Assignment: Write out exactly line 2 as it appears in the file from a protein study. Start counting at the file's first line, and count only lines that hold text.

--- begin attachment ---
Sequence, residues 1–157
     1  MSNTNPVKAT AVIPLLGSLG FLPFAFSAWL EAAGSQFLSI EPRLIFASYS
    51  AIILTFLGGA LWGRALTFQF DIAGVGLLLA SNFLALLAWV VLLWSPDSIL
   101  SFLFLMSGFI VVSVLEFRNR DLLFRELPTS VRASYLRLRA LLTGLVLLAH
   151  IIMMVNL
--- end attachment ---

     1  MSNTNPVKAT AVIPLLGSLG FLPFAFSAWL EAAGSQFLSI EPRLIFASYS